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The Callahan Tunnel, which carries traffic from downtown Boston to Logan International Airport, will close for about three months early next year so engineers can overhaul the deteriorating 52-year-old structure, state transportation officials said Thursday.
The $34.9 million project will include rehabilitation of the tunnel's deck, curb line and gutters, along with installation of new wall panels.
The tunnel's 2,800 wall panels were removed in January due to corrosion after one of them fell during the evening rush on Dec. 21. No one was injured and no vehicles were damaged, and engineers said at the time that the tunnel was structurally sound.
"The Callahan has served motorists well since the day it opened in 1961 and was paired with the Sumner Tunnel," Frank DePaola, highway administrator for the Massachusetts Department of Transportation, said in a statement.
"However, every aspect of the tunnel is in fair to poor condition, and the time has come to put the Callahan in shape to last another 50 years," DePaola said.
Officials planned to reach out to motorists prior to and during the closure of the tunnel - scheduled to begin in January - with information about detours, alternate routes and public transportation options.
After the tunnel reopens to traffic, overnight closures from 11 p.m. to 5 a.m. will continue for several more months until all of the repairs are completed, MassDOT said.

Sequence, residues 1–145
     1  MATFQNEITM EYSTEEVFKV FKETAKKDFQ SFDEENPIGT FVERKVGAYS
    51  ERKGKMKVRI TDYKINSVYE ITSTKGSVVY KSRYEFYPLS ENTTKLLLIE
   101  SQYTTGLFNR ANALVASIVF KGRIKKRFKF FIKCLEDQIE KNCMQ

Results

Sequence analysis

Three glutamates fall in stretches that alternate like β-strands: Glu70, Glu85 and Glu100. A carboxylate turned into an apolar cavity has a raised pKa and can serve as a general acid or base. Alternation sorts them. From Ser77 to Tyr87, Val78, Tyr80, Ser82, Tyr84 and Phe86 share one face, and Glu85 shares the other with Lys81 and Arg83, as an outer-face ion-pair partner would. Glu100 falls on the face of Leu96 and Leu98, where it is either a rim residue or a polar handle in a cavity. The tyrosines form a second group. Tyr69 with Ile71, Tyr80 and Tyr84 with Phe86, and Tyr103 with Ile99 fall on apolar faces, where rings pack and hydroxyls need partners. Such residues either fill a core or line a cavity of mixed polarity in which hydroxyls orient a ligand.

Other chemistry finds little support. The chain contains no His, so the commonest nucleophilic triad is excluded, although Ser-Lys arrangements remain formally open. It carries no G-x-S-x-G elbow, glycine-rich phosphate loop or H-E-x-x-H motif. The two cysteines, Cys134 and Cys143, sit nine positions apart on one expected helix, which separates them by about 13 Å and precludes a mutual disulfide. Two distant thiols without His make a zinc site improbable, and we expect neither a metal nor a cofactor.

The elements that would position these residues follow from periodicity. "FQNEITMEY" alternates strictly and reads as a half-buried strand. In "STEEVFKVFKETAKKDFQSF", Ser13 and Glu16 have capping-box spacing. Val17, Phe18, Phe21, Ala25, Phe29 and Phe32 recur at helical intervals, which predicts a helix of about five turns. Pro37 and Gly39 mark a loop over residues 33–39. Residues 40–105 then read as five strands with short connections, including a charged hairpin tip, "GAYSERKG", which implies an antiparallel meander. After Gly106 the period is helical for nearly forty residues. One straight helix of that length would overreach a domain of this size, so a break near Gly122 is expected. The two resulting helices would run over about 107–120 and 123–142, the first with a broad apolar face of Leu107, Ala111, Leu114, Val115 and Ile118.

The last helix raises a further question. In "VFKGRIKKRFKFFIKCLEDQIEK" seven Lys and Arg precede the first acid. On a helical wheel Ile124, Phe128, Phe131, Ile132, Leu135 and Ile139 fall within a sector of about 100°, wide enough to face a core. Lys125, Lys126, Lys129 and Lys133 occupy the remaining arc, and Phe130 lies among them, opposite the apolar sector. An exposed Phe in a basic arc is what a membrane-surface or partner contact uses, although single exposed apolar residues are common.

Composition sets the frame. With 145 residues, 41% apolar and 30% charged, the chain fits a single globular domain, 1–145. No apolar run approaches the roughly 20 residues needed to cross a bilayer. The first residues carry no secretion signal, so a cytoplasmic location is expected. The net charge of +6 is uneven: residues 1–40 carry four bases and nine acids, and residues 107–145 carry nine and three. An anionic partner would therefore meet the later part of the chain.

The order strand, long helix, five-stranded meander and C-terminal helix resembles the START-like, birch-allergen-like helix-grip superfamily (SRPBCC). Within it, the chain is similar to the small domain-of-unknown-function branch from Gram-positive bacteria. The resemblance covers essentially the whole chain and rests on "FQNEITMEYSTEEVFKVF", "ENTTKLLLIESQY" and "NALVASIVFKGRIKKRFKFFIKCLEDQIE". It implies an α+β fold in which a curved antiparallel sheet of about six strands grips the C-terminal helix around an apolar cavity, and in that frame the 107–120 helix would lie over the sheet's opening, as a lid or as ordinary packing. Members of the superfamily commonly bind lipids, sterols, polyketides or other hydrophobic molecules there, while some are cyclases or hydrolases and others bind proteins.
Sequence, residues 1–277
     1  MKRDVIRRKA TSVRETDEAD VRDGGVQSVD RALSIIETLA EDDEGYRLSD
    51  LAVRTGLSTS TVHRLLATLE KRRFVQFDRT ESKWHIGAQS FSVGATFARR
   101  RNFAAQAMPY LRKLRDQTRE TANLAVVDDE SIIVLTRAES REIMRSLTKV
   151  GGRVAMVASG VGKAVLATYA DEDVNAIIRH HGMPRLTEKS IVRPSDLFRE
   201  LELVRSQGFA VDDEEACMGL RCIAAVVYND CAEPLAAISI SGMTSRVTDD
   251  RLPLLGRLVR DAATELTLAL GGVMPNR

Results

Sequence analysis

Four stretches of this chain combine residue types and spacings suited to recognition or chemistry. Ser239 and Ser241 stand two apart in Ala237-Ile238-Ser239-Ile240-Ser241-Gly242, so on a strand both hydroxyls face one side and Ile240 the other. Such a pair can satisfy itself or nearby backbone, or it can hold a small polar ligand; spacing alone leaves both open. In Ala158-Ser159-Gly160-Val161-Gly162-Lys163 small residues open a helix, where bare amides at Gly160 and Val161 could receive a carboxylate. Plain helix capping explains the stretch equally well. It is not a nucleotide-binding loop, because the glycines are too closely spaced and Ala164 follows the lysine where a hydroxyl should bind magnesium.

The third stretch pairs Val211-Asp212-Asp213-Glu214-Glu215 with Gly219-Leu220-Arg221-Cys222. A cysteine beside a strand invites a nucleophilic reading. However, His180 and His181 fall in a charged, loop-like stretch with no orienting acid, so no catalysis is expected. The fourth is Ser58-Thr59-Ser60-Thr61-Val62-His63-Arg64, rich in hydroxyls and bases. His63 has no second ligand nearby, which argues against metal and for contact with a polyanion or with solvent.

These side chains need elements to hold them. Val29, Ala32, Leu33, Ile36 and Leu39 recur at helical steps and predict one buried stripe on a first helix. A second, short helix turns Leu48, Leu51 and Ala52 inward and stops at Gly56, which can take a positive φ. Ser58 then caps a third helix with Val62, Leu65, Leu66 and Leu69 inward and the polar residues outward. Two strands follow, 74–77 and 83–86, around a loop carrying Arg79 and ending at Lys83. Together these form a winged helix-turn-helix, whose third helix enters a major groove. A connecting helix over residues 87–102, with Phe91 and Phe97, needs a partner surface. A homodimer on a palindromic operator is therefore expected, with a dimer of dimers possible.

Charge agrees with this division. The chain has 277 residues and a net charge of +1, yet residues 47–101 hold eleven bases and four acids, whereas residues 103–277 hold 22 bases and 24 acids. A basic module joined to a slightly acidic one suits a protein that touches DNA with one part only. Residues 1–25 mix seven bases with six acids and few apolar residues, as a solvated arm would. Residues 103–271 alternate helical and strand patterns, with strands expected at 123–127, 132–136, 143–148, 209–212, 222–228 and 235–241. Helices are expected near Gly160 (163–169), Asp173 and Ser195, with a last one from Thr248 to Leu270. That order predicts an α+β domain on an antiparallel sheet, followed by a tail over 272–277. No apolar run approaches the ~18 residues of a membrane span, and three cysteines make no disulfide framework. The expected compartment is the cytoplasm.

The two-lane Sumner Tunnel, which runs parallel to the Callahan and carries traffic from the airport and Route 1A in East Boston back into the city, will remain open during the work on its companion Boston Harbor tunnel. Officials chose not to try to make the Sumner into a temporary two-way tunnel during the Callahan closure.
The Callahan, which begins in the city's North End neighborhood and is accessible from Interstate 93, carries a weekday average of 30,000 cars, according to MassDOT. For years, it was the only direct route from downtown Boston to the airport and East Boston, but the opening of the Ted Williams Tunnel in 1995 - part of the Big Dig project - alleviated some of the traffic crunch by providing access to and from Logan for east-west traffic on Interstate 90.
This program aired on June 20, 2013. The audio for this program is not available.
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